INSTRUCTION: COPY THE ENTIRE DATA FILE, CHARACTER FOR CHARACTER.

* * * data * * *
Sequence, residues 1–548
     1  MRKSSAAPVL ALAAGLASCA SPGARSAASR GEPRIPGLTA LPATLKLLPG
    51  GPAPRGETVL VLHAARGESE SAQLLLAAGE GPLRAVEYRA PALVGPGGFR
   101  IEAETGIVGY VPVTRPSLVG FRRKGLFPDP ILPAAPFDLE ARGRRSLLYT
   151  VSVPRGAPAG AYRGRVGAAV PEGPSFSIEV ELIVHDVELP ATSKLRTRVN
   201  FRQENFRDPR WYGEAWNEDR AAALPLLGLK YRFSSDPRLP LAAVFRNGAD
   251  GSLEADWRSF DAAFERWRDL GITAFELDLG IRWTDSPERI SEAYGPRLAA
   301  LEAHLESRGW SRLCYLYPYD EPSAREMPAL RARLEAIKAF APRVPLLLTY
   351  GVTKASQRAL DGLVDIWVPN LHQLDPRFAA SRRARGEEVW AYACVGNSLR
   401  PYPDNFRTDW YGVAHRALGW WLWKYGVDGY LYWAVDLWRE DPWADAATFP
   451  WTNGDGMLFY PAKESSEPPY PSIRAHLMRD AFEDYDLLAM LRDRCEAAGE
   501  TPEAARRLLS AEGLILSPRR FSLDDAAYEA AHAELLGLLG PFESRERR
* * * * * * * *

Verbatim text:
Sequence, residues 1–548
     1  MRKSSAAPVL ALAAGLASCA SPGARSAASR GEPRIPGLTA LPATLKLLPG
    51  GPAPRGETVL VLHAARGESE SAQLLLAAGE GPLRAVEYRA PALVGPGGFR
   101  IEAETGIVGY VPVTRPSLVG FRRKGLFPDP ILPAAPFDLE ARGRRSLLYT
   151  VSVPRGAPAG AYRGRVGAAV PEGPSFSIEV ELIVHDVELP ATSKLRTRVN
   201  FRQENFRDPR WYGEAWNEDR AAALPLLGLK YRFSSDPRLP LAAVFRNGAD
   251  GSLEADWRSF DAAFERWRDL GITAFELDLG IRWTDSPERI SEAYGPRLAA
   301  LEAHLESRGW SRLCYLYPYD EPSAREMPAL RARLEAIKAF APRVPLLLTY
   351  GVTKASQRAL DGLVDIWVPN LHQLDPRFAA SRRARGEEVW AYACVGNSLR
   401  PYPDNFRTDW YGVAHRALGW WLWKYGVDGY LYWAVDLWRE DPWADAATFP
   451  WTNGDGMLFY PAKESSEPPY PSIRAHLMRD AFEDYDLLAM LRDRCEAAGE
   501  TPEAARRLLS AEGLILSPRR FSLDDAAYEA AHAELLGLLG PFESRERR